Despite the continuing drought and the upcoming heatwave in Belgium, the Flemish Government's advisory group on droughts did not propose any additional measures to combat possible water shortages.
Additional measures are not necessary at this time, and the only water-saving measures that are currently in force across the entire territory are the temporary abstraction bans on all unnavigable waterways.
"The situation is indeed serious, but we remain in code orange," said Katrien Smet, spokesperson for the Flemish Environment Agency (VMM), in a press release on Monday afternoon. In practice, this means that there is no ban on watering your garden or washing your car, for example.
“We are better prepared for the drought than a few years ago: we have more figures available, there is an assessment framework, a strategic plan for the water supply and numerous actions are being carried out via Flemish Environment Minister Zuhal Demir's Blue Deal," she added.
While Smet said that all these precautions are paying off, the situation remains serious and "we need to use the water that we have sparingly."
Due to the persistent drought, the Flemish Waterway had previously already decided to take effective measures to use water sparingly: ships are being locked in groups, which saves water and adapts the weir management. Water harvesting for nature and agriculture in Limburg and the Kempen canals will be reduced to 80%, among other measures.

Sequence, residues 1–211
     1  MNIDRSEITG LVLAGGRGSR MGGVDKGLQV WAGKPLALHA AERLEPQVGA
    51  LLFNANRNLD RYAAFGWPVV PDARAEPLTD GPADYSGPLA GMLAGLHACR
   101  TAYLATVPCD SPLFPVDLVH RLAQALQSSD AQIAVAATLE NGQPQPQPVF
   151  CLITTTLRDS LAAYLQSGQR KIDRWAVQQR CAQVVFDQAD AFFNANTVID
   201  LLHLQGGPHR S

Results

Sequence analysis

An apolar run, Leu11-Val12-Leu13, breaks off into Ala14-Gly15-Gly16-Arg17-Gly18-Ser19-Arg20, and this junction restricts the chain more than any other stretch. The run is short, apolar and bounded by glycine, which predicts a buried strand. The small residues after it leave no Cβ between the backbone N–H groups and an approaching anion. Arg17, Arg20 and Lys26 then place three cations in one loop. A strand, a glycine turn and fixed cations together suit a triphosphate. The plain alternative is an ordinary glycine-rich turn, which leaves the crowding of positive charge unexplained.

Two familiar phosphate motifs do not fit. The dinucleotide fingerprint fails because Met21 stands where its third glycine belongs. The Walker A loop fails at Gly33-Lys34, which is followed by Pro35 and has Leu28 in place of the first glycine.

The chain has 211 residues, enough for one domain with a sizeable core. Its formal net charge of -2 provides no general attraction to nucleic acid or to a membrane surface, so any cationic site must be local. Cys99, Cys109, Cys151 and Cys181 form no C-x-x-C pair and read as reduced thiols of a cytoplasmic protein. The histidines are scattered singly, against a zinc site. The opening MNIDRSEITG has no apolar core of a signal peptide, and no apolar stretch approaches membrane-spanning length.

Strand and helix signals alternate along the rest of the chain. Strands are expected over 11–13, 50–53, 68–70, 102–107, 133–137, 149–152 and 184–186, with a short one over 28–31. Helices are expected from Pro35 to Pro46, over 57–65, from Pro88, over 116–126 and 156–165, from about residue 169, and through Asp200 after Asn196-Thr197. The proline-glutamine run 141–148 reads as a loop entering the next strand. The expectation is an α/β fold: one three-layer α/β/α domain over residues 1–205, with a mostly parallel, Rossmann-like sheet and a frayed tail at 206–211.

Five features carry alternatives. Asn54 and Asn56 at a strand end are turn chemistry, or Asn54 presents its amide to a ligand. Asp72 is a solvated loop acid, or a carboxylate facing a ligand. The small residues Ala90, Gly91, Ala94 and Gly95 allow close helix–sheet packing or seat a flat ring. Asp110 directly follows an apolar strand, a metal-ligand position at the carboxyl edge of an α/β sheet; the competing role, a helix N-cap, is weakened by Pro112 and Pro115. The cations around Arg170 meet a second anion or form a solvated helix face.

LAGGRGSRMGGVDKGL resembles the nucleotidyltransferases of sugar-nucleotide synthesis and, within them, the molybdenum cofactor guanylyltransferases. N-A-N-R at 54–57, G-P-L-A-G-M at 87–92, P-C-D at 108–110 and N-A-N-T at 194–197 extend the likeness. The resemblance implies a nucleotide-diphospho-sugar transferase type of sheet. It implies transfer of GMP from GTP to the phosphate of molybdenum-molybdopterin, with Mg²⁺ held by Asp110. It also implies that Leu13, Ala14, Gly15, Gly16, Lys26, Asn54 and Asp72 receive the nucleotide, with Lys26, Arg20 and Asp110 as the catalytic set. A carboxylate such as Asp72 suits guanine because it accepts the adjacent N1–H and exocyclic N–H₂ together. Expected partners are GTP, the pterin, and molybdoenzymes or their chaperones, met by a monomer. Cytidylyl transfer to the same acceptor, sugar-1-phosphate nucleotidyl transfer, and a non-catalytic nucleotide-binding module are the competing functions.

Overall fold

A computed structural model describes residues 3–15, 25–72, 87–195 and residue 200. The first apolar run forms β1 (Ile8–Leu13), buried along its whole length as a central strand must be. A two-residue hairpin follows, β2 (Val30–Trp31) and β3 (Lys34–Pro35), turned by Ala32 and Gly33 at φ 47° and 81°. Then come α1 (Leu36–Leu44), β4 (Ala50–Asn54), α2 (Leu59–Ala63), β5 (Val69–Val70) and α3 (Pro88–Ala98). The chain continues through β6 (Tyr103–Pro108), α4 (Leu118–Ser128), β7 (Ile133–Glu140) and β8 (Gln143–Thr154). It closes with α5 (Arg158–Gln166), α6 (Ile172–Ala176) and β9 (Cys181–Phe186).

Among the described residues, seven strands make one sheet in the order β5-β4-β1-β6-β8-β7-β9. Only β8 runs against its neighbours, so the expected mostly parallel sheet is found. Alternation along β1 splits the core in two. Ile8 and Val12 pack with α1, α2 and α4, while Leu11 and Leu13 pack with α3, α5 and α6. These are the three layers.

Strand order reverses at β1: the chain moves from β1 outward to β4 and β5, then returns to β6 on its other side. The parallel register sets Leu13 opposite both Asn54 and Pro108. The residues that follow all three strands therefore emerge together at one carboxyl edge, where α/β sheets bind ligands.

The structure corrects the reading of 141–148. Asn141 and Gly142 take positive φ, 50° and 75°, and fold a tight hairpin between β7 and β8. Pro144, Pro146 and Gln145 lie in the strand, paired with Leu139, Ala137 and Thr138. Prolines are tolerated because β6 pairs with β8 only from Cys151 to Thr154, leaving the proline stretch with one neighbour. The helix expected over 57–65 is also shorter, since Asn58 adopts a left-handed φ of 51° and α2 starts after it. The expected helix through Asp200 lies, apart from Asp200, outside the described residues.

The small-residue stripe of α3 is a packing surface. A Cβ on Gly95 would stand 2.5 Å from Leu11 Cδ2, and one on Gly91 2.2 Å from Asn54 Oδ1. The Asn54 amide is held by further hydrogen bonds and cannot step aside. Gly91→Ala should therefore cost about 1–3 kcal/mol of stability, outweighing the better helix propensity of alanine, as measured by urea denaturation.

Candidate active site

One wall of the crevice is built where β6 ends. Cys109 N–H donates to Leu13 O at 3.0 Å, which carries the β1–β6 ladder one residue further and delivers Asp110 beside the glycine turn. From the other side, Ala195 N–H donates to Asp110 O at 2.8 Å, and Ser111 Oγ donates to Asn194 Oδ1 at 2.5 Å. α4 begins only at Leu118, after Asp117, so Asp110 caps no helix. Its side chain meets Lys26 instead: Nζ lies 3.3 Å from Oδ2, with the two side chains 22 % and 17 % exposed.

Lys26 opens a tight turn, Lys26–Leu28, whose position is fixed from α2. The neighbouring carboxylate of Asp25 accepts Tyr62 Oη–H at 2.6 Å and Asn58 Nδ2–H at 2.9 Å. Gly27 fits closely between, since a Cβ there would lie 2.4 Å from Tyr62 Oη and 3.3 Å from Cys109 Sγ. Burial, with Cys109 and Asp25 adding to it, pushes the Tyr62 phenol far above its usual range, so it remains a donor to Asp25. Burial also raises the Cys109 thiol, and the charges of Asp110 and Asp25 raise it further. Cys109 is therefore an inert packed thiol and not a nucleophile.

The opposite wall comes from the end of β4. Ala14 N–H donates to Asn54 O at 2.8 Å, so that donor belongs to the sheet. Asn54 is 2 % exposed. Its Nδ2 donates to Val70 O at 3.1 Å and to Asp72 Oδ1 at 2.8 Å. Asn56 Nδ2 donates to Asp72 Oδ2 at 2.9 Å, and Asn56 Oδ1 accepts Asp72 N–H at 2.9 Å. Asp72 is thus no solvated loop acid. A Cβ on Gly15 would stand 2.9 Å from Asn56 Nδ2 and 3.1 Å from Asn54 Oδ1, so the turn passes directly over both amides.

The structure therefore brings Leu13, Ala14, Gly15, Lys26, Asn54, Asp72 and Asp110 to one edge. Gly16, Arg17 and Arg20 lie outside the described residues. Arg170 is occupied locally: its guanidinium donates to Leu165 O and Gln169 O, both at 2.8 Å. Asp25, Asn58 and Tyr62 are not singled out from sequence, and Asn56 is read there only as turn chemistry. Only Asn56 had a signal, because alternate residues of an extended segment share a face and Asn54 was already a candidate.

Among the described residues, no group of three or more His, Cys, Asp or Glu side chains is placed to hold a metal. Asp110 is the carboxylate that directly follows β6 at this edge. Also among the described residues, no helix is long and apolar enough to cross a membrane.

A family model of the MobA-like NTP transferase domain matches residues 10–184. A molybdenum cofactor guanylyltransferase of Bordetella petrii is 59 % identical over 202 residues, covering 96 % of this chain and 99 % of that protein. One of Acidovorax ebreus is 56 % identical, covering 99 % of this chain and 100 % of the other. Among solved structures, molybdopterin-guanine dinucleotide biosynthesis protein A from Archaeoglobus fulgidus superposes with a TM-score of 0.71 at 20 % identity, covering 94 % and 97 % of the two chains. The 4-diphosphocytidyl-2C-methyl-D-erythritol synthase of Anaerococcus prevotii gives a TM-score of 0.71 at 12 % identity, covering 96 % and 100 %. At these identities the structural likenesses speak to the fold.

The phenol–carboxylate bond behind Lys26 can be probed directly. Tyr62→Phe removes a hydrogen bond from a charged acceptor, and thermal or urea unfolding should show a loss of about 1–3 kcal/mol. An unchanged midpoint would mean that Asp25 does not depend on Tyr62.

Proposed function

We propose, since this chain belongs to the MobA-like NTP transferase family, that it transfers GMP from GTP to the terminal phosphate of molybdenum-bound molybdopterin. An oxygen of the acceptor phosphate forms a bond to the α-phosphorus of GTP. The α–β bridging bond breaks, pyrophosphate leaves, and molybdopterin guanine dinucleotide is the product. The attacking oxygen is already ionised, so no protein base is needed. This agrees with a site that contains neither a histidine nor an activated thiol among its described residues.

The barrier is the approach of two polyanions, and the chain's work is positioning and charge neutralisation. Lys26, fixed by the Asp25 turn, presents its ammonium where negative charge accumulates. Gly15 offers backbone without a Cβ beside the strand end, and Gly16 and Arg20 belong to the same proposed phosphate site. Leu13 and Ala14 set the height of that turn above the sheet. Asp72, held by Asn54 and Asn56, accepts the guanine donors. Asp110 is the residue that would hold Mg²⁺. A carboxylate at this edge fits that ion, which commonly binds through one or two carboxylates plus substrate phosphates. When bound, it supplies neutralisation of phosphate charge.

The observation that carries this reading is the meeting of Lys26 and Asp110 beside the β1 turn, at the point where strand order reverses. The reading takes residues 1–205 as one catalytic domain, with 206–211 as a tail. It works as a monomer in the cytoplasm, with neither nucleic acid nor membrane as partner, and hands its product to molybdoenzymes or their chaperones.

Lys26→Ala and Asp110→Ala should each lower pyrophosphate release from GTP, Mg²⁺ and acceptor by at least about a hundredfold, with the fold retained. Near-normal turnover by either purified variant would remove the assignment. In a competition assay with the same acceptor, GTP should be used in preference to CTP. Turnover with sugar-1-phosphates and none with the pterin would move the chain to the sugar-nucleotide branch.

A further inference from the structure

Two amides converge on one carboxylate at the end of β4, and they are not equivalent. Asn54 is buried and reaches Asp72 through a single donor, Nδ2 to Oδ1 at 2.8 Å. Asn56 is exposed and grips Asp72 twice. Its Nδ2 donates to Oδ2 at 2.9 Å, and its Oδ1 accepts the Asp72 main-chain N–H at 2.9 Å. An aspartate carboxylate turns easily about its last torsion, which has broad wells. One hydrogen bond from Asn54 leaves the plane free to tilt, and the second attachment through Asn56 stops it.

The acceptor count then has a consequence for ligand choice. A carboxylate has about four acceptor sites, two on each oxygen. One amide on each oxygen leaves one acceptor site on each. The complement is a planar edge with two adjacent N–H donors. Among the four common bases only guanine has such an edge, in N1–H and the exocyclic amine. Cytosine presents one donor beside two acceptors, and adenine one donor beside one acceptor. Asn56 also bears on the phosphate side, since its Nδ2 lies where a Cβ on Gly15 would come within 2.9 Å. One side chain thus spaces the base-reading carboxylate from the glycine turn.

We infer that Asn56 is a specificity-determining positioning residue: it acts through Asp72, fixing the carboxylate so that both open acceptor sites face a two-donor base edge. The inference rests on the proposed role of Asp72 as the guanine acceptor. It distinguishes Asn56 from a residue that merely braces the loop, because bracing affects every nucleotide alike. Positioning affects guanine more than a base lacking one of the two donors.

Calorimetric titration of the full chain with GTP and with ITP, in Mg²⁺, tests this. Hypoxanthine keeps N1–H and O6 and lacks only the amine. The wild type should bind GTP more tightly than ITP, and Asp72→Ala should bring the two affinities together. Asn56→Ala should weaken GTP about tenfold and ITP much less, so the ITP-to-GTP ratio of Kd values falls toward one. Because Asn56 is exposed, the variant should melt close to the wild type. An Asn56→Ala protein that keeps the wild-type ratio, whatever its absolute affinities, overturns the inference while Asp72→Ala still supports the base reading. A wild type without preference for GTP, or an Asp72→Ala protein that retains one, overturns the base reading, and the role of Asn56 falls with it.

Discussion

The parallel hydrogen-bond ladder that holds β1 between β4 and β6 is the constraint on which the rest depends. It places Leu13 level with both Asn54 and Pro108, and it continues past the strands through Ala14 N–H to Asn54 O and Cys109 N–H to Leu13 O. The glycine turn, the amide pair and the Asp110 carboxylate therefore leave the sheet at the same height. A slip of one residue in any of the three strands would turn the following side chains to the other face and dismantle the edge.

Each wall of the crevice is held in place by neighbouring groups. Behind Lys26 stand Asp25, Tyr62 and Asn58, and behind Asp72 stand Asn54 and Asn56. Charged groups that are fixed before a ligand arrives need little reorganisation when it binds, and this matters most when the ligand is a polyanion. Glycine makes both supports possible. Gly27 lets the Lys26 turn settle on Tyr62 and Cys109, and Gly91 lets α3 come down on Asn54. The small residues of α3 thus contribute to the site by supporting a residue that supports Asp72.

On Thursday 18 August, the Drought Committee, which consists of the provincial governors, a representative of the drinking water companies, a representative of the water treatment company Aquafin and representatives of the VMM, will meet again to discuss the situation.
Additionally, the VMM stressed that there is currently still a sufficient supply of drinking water, and that there are no problems with production – but explicitly calls for all wer to be used sparingly. "Everyone has to be creative to save water, cities and municipalities can also set an example," said Smet. "We do not know how long the drought will last."